Nuggets vs. Blazers Game 6 Betting Preview: Bet on Denver to Close Out?

Nuggets vs. Blazers Game 6 Betting Preview: Bet on Denver to Close Out? article feature image
Credit:

Ron Chenoy-USA TODAY Sports. Pictured: Denver Nuggets forward Paul Millsap (4).

Game 6 Betting Odds: Denver Nuggets at Portland Trail Blazers

  • Spread: Blazers -4
  • Over/Under: 215
  • Time: 10:30 p.m. ET
  • TV Channel: ESPN
  • Series Score: Nuggets Lead 3-2

>> All odds as of Wednesday night. Download The Action Network App to get real-time odds and live win probabilities on your bets.


The Blazers have dropped two straight, giving up big games to the Nuggets offense.

Can they turn things around at home to force a Game 7? Our experts weigh in.

Betting Trends to Know

As a series progresses, teams become more familiar with each other. Defensive adjustments are made and player fatigue becomes an issue, all of which contribute to lower-scoring outcomes. As a result, it has been profitable to bet the under in Games 6 and 7 of a playoff series. — John Ewing

The Blazers lost by 26 points to the Nuggets on Tuesday. Can bettors trust Portland to bounce back as four-point favorites in Game 6? Since 2005, teams who lost their previous game by 10 or more points and then were favored in their next matchup have gone 131-93-6 (59%) against the spread in the playoffs. — Ewing

Under head coach Terry Stotts, the Blazers have had a tough time bouncing back in the playoffs after a loss. Portland is 8-16 ATS (33.3%) after a straight-up loss in the playoffs under Stotts, making him the second-least profitable coach in BetLabs in this spot since 2012, Stott’s first season in Portland.

Zooming out, the Blazers are 14-30-1 ATS (31.8%) in the playoffs overall under Stotts, making him the second-least profitable coach in the NBA ahead of just Dwane Casey. — Evan Abrams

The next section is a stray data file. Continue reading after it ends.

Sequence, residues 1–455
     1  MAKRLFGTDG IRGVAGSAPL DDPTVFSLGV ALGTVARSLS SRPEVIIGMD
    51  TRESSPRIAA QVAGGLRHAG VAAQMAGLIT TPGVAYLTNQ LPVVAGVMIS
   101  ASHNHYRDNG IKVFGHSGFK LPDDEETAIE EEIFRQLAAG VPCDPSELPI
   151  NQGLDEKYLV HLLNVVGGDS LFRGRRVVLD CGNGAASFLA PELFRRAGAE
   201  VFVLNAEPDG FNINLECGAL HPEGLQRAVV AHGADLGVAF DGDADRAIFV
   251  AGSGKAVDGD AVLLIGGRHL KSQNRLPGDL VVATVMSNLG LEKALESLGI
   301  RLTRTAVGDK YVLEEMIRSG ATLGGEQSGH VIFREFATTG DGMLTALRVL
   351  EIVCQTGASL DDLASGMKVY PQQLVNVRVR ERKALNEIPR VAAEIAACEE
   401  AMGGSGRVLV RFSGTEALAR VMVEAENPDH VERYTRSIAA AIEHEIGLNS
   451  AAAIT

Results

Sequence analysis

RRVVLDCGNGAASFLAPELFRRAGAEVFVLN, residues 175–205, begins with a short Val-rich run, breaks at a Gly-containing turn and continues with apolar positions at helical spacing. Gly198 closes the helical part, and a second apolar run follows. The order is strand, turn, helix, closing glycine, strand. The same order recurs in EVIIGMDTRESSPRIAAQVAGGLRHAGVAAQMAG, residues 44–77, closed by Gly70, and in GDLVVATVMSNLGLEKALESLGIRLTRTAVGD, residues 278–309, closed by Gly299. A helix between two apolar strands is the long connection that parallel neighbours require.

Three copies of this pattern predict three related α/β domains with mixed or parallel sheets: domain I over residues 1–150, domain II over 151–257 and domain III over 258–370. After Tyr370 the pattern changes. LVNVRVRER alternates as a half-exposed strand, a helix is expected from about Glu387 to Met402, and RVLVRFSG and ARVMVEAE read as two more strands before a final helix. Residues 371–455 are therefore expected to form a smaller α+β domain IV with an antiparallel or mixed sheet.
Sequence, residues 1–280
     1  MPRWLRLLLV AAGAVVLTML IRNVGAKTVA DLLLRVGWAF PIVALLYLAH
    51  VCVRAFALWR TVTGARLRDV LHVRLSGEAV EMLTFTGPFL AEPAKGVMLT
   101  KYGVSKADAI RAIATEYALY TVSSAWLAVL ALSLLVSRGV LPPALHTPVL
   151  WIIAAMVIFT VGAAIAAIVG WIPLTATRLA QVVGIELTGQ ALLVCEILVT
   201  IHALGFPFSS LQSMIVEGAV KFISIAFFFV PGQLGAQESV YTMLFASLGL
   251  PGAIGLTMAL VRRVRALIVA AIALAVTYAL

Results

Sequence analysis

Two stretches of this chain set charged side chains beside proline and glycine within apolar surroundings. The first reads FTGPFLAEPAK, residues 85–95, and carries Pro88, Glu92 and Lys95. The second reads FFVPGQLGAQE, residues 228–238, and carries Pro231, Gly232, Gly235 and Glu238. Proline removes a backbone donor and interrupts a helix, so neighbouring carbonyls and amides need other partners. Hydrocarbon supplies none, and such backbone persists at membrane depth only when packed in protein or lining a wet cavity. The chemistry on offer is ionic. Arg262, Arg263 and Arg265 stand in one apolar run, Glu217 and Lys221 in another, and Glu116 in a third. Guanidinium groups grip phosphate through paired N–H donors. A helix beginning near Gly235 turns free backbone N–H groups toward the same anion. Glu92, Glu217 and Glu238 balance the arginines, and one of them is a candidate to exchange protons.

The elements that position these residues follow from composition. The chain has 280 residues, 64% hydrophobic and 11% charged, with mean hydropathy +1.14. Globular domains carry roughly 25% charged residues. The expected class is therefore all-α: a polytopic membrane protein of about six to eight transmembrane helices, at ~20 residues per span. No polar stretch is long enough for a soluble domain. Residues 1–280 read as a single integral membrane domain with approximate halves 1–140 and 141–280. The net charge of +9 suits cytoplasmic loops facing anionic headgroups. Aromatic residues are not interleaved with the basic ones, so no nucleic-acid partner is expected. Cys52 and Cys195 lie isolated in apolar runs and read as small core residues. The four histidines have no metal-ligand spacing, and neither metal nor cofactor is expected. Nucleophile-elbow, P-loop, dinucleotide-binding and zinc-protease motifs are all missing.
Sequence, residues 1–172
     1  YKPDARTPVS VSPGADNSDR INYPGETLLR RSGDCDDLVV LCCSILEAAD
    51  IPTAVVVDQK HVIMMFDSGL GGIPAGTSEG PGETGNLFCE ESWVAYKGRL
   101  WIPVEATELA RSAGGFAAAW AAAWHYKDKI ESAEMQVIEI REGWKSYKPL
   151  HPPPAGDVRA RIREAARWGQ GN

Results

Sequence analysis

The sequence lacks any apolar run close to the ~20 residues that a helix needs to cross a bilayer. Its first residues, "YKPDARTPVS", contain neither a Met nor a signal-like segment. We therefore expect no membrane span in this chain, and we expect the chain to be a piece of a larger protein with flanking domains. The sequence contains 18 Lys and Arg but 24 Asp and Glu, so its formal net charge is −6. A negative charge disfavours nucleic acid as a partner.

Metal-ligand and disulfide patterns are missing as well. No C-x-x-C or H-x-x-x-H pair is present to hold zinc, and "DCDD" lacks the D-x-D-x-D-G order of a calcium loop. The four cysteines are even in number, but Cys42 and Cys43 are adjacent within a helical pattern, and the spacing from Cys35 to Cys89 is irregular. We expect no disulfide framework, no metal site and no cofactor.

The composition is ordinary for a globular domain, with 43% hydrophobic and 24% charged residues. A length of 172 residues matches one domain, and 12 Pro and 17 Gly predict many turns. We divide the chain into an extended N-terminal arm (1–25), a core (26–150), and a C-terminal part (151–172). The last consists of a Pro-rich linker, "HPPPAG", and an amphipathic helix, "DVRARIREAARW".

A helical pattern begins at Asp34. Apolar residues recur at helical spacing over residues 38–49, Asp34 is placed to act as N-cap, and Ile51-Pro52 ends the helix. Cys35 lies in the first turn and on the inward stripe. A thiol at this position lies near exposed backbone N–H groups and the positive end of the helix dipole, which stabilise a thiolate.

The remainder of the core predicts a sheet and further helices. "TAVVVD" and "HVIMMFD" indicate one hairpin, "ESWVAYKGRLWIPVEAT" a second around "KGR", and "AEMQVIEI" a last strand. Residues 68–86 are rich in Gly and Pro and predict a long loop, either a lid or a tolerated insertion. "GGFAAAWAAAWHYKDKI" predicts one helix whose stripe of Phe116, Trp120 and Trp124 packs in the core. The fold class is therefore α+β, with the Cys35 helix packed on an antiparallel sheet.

Under Stotts, the Blazers are 1-9 against the first-half spread in Games 5-7 of a playoff series, failing to cover by 3.3 points per game. In the BetLabs database (since 2005), the only coach less profitable than Stotts in this spot is Erik Spoelstra. — Abrams


Moore: Why I’m Fading a Historic Late Series Trend

Sorry, but I’m fading Ewing’s trend here.

We’ve seen an offensive explosion over the past few years. This is an offense-driven league, and these are offensive-centric teams. In Games 6 and 7 the over is already 2-1 this postseason and one of those was the Spurs-Nuggets dread fest. This is not a dread fest.

The Nuggets have an offensive rating above 109 in four of the five games, with their only sub-100 performance coming in Game 2 — a patented “Denver misses every open look” game.

The Blazers have no real counters defensively. They tried playing straight up, and Nikola Jokic torched Enes Kanter while Gary Harris took advantage of Damian Lillard. They tried playing small and Jokic torched Al-Farouq Aminu while Jamal Murray got separation. They have no counter for Paul Millsap. There just aren’t a lot of adjustments to be made.

I asked Terry Stotts after Game 5 why they’ve had trouble doubling Jokic and Stotts commented that they’re just not putting Jokic in position to double. There aren’t many counters here to slow them down. The Blazers have to outscore them.

Denver is also running more, selectively. Off misses and turnovers, they’re looking for long outlet passes to get easy buckets. Denver has three games with over 10 fast-break point in this series, and gave up double-digit fast-break points in both games in Portland in this series. Those quick baskets play a huge role in these totals.